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UBC Theses and Dissertations

Review of pediatric dentistry oral sedation outcomes and influences Alkafaji, Zina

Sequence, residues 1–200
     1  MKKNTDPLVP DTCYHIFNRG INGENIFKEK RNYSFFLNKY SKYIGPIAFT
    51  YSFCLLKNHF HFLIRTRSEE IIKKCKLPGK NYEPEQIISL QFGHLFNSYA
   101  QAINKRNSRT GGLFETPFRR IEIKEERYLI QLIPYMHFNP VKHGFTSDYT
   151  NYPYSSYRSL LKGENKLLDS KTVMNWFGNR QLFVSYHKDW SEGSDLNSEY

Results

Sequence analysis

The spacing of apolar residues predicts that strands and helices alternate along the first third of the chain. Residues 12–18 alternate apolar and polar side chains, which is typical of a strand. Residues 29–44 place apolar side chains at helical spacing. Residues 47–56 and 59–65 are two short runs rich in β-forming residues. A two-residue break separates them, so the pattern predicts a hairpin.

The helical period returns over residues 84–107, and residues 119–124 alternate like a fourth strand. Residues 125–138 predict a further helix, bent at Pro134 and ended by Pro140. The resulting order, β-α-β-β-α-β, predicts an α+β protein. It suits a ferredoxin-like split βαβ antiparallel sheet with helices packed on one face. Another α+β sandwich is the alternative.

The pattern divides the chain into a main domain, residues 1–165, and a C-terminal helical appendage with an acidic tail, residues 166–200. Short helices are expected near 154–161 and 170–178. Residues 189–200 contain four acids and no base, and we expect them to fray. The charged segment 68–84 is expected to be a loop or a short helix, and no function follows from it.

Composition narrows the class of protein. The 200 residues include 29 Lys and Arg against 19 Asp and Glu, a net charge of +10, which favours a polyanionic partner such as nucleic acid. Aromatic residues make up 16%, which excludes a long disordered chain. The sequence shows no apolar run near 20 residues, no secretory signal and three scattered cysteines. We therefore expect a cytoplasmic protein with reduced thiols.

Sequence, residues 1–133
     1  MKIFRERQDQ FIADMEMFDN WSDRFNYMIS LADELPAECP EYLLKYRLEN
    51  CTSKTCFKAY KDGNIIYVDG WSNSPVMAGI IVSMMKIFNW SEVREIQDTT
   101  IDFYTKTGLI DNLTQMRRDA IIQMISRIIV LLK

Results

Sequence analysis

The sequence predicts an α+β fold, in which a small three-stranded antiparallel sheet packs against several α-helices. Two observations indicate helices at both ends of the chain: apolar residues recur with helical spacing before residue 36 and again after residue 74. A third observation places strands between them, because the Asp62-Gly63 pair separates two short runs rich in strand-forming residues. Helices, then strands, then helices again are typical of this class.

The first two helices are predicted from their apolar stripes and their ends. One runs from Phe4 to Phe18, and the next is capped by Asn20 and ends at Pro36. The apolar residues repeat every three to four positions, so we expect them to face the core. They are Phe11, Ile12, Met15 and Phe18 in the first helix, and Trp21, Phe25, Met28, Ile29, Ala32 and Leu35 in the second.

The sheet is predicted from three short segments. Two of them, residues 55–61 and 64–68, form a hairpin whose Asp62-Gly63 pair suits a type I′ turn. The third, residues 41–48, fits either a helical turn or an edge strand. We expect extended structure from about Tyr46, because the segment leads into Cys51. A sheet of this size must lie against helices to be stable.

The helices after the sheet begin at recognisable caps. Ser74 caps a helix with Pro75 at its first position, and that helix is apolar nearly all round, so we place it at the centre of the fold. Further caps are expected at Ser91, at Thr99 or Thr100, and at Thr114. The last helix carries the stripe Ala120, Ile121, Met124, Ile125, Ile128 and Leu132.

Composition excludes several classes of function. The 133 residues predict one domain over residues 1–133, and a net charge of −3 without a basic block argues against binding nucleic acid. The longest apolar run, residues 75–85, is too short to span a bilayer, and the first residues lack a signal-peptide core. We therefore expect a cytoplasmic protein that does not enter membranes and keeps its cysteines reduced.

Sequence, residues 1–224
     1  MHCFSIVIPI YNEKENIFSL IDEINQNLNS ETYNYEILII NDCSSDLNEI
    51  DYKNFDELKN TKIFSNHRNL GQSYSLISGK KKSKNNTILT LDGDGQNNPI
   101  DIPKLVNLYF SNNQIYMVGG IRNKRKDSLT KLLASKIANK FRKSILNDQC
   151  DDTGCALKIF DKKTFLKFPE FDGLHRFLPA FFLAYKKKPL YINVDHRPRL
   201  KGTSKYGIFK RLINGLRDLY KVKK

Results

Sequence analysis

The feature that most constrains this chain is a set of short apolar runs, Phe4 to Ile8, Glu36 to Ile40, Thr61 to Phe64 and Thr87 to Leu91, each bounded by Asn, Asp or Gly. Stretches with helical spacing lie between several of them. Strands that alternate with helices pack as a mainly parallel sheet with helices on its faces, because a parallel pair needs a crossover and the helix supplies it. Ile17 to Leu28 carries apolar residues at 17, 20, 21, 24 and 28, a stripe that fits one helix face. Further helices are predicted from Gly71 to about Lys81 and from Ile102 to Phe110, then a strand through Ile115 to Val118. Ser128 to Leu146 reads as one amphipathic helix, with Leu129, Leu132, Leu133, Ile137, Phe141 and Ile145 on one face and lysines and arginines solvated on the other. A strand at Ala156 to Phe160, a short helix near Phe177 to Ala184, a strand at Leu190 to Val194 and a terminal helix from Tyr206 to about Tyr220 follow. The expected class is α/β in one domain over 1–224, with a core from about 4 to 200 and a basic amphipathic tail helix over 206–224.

Objectives: The UBC Graduate Pediatric Dentistry Program’s oral sedation clinic has evolved since it began in 2011. The study aimed to evaluate the effectiveness and safety of the various sedation regimens used, and to assess how regimens were influenced by the experience and opinions of clinical instructors. Methods: A retrospective chart review of all oral sedation appointments that took place between March 2011 and May 2014 was completed. The outcome variables of interest were effectiveness and safety. Descriptive and comparative statistics were applied to analyze quantitative data. Six UBC Pediatric Dentistry clinical instructors were invited for interviews through a purposive sampling technique to further understand both their views toward sedation regimens and teaching sedation to graduate students. Thematic analysis was applied to code interview transcripts. Results: There were 195 oral sedation appointments during the study period. The three most commonly used regimens were: midazolam and hydroxyzine (MZH) (45%); midazolam (MZ) (24%); and meperidine, chloral hydrate, hydroxyzine, and dimenhydrinate (MCHHD) (17%). With respect to safety, vital signs and level of sedation were examined. Children undergoing MZH sedations were rated to be in “deep” sedation 1.4% of the time, compared to 12.5% in the MCHHD group. MZH sedations were rated “effective/very effective” 90% of the time, compared with 88% for MCHHD sedations. Data for sedation level and effectiveness of the MZ group was limited. Domains that emerged from the interviews were safety, effectiveness, preparation, and preferences; with risk tolerance as the overarching theme. Conclusion: MZH and MCHHD have similar effectiveness however MZH has a better safety profile. Clinicians with higher risk tolerance tended to practice sedation more frequently than those with low risk tolerance. Accordingly, high risk tolerance clinicians felt students should learn sedation more extensively than did those with low risk tolerance. Two main recommendations emerged from the study: (1) complete and inclusive sedation records are critical to fully understanding the effectiveness and safety of sedation regimens; 2) clinicians may desire to have self-awareness regarding their risk tolerances in the context of both practicing and teaching oral sedation in pediatric dentistry.

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